A newspaperman to the bone, Globeman bids Dorchester adieu

Charlie Mansbach: Last of the "lead type" editors on Morrissey Blvd.Charlie Mansbach: Last of the "lead type" editors on Morrissey Blvd.Charlie Mansbach slipped into Dorchester from Newton five afternoons a week beginning in early 1979, and usually stayed past midnight tending to his responsibilities on the night desk of The Boston Globe.

A shy man who downplayed his widespread, and sometimes offbeat, interests, he didn’t take long to show that he had the right stuff, and in short order, he was promoted to assistant night editor, then night news editor, and, finally, Page One editor, a position he held for a quarter-century until he walked out the newspaper’s back door on Morrissey Blvd. for the last time a week ago, taking with him a package of institutional knowledge and newspapering stripes that will be irreplaceable in the Globe newsroom.

A decent estimate suggests that Charlie left his prints on up to 6,000 Boston Globe front pages during his near four decades on the nightside. As Page One editor for the last 27 years, he worked alongside designers to make them first-class productions, and recognizable as the Globe’s, then he supervised the final editing of the cover stories and captions and either wrote or facilitated the writing of the headlines.

At the height of its circulation in the 1980s and 1990s, the Globe distributed some 530,000 papers on weekday mornings, and up to 800,000 on Sundays, numbers indicating that more than a million weekday readers, and maybe two million on Sunday, were casting their eyes over what the Globe staff had created for them. And even in this sports-crazy town, most of them started with the front page.

Today, in the digital era, print circulation is much lower, with the future of the newspaper riding on other ways of doing what the Globe has been up to for 144 years. Still, the Page One editor continues each night to do the final wrapping, a task freighted with the highest expectations that each cover page will redound to the pride and benefit of the entire organization.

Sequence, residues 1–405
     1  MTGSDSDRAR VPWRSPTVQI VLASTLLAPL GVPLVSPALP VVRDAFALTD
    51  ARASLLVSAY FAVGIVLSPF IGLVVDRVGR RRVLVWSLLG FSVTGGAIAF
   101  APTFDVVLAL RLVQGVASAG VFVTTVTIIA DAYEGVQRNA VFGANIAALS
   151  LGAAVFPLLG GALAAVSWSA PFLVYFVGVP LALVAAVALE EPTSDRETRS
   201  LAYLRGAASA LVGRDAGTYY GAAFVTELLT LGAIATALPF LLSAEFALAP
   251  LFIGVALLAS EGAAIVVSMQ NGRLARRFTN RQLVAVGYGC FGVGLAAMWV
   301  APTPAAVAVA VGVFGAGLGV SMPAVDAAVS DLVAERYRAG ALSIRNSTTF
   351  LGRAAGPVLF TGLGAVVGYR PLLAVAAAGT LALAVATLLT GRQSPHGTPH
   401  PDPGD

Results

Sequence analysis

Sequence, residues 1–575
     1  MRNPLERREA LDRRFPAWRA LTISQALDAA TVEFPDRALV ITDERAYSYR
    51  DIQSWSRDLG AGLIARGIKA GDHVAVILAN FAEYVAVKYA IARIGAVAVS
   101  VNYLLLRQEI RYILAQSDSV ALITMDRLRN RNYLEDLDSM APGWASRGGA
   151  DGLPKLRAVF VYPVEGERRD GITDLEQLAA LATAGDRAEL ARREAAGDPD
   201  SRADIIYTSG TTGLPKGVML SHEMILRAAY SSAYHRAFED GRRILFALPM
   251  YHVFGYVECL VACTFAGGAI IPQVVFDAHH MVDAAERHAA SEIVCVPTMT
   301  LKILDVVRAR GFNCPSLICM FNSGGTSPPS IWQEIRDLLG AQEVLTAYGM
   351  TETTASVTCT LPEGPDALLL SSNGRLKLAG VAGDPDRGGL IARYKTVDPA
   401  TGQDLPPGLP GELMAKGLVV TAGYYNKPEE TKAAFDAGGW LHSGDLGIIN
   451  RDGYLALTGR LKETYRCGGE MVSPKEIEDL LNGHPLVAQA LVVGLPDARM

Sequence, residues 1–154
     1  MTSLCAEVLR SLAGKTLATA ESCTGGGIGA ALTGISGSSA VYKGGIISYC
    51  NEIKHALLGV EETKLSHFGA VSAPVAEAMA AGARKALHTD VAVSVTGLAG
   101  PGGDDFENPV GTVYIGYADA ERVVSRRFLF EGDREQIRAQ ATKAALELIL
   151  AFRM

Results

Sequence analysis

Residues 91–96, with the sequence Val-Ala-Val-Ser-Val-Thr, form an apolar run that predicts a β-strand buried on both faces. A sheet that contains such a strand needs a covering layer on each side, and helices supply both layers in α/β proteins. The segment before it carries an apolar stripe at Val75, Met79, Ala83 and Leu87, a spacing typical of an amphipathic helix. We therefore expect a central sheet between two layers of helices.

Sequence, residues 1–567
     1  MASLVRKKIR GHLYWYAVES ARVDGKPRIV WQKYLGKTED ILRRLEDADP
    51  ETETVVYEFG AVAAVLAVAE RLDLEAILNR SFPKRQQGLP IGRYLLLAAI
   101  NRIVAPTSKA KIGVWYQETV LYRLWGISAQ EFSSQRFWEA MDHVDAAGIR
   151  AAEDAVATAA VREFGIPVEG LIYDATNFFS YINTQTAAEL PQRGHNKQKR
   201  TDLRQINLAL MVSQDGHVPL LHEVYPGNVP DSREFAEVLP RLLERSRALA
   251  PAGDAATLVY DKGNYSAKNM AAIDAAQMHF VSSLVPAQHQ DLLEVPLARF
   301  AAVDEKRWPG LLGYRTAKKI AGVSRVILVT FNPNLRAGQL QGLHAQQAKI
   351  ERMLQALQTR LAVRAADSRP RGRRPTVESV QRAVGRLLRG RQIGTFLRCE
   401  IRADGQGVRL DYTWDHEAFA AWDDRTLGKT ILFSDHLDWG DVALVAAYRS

In retiring, Charlie Mansbach leaves behind a mere handful of Globe men and women who worked at newspapering in a long-ago time when linotype machines clattered away in a composing room filled with the dust of lead type as pages were moved around in cast-iron forms and pushed into the defunct stereotypers’ section en route to the roaring presses on the far side of the bottom floor. Night desk editors made up the follow-through team, taking the work and decisions of the dayside writers, editors, photographers, and designers through the production process to the pre-midnight edition deadline. What technology has done to change that scene is a story for another time.

All of that was Charlie Mansbach’s working life for close to 50 years, and the record shows he fulfilled his responsibilities by deploying to the fullest his intellect, a keen sense of fairness, a felicitous appreciation of English grammar and the rhetorical power of the written word, a deep understanding of what separates the excellent newspaper from the merely good one, and a rock-solid ethic for integrity and accuracy that served his colleagues and the paper’s readers in good measure on those thousands of nights when he was on the job.

There are many fine Globe journalists – reporters, photographers, editors, and designers – working across the diminished fetch of a building on the boulevard that they will soon abandon for new downtown premises, but they will surely miss their midnight caretaker, and part-time Dorchester resident.

Tom Mulvoy, a former Globe managing editor, worked nights with Charlie Mansbach for 22 years.